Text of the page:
The Food Stamp Expansion Act of 2009 is finally going into effect, bringing much-needed assistance to thousands of DC residents who are struggling to make ends meet but also previously did not qualify for food stamps. We're proud to have worked with DC Councilmember Michael Brown, DC Hunger Solutions, and other community leaders to enact this smart legislation.
WHAT/WHO: Councilmember Michael A. Brown, will be joined by Councilmember Cheh, and representatives from local government agencies, and Bread for the City, DC Hunger Solutions, and other local advocacy and service providers to celebrate the implementation of the Food Stamp Expansion Act of 2009. The event will highlight the new changes in eligibility that took effect on March 15th and the forthcoming changes in benefits under the bills “Heat and Eat” provision. There will also be discussion regarding the new bill that Councilmembers Michael Brown and Mary Cheh recently introduced further strengthening the local food stamp program.
BACKGROUND: In March of 2009, Councilmember Michael A. Brown authored and introduced the Food Stamp Expansion Act of 2009 with the support of the full council. The bill was passed as part of the Fiscal Year 2010 Budget Support Act making the bill effective October 1st 2009. The law creates two separate initiatives which are aimed at expanding eligibility and increasing the benefits of our federally funded food stamp program by utilizing existing mechanisms within the federal regulations.
The first initiative is Categorical Eligibility which will expand the eligibility of our food stamp program.
- Categorical Eligibility allows low-income applicants to bypass the food stamp program’s asset test and use a much more realistic gross income test by conferring food stamp eligibility based on their participation in another low-income assistance program.
- Currently DC’s food stamp eligibility requirements include a gross-income limit of 130% the federal poverty level and an asset cap of $2,000. Clearly, with DC’s high cost of living 130% the poverty level is not sufficient to survive and an asset cap of $2,000 creates a disincentive to save.
- This bill will create a low-cost TANF funded program which will be determined by the Department of Human Services. The eligibility of this program will be set at 200% the federal poverty level with no asset test. As stated in the federal regulations, acceptance into this program will automatically convey Categorical Eligibility for the food stamp program.
- IMA estimates that in the first year Categorical Eligibility will enroll an additional 4,800 individuals in the food stamp program and leverage more than $2million additional federal dollars for the local economy.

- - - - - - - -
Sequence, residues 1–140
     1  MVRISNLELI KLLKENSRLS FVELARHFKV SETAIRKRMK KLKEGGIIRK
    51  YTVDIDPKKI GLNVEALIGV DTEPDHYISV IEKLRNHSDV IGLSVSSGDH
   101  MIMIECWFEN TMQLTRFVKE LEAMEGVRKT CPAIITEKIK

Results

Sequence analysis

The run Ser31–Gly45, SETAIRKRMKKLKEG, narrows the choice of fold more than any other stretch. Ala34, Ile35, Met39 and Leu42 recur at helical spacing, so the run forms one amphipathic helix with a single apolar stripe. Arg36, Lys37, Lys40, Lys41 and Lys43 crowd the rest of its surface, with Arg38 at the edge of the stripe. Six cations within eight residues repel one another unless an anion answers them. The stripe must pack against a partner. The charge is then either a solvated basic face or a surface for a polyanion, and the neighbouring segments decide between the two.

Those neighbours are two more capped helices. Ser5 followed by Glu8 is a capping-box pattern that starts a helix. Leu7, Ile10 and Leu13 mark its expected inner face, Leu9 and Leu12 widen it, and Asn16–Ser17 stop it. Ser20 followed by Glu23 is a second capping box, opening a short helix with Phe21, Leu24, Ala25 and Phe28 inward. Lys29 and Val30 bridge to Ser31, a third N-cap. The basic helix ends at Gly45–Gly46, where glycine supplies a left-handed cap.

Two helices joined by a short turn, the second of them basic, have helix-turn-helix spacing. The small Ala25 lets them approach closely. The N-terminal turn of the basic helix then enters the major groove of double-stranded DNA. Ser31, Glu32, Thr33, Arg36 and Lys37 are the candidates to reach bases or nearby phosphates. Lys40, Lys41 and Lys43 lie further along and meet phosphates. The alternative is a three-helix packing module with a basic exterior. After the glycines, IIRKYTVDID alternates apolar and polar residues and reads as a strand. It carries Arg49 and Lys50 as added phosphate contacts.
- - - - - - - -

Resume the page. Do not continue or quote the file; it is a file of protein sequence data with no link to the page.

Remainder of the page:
- 35 other states have already implemented Categorical Eligibility.
The second initiative is the Heat and Eat Initiative which will drastically increase the benefit levels of many current food stamp recipients.
- The Heat and Eat Initiative capitalizes on the fact that the federal regulations of the food stamp program state that any individual who is enrolled in both the food stamp program and the Low Income Home Energy Assistance Program (LIHEAP) program automatically can claim the Maximum Standard Utility Allowance when determining their net-income which is what food stamp benefit levels are based on.
- This bill will create the “Heat and Eat Initiative” which will be a LIHEAP program which all food stamp recipients will be automatically enrolled in. This program will provide a $1 annual energy assistance benefit, but more importantly, will automatically allow all food stamp recipients to deduct the Maximum Standard Utility Allowance of $276 a month.
- It is estimated that this initiative will increase the monthly benefits for more than 27,000 households and bring in between $13 and $19 million dollars a year of federal money in increased benefits for our low-income residents.
- Massachusetts, Vermont, Maine, New York, and Washington states have all implemented this initiative.
These initiatives have minimal local costs and would produce a very high return for our local economy.
- Economists across the political spectrum agree that food stamps are, dollar-for-dollar, one of the best ways to stimulate the economy. It is estimated that every $1 in food stamps generates $1.73 of local economic activity.
- Local costs for these initiatives will include the cost of creating and distributing the TANF funded brochure and the $1 LIHEAP energy benefit as well as some additional administrative costs (however 50% of the administrative costs of the food stamp program are federally funded).
- Because the food stamp benefits are 100% federally funded these small local costs will result in $15 to $21 million in new federal funding to our low-income residents and will generate approximately $25 to $35 million in local economic activity.
For more information about the Food Stamp Expansion Act, please contact Kilin Boardman-Schroyer at (202) 724.8105; firstname.lastname@example.org.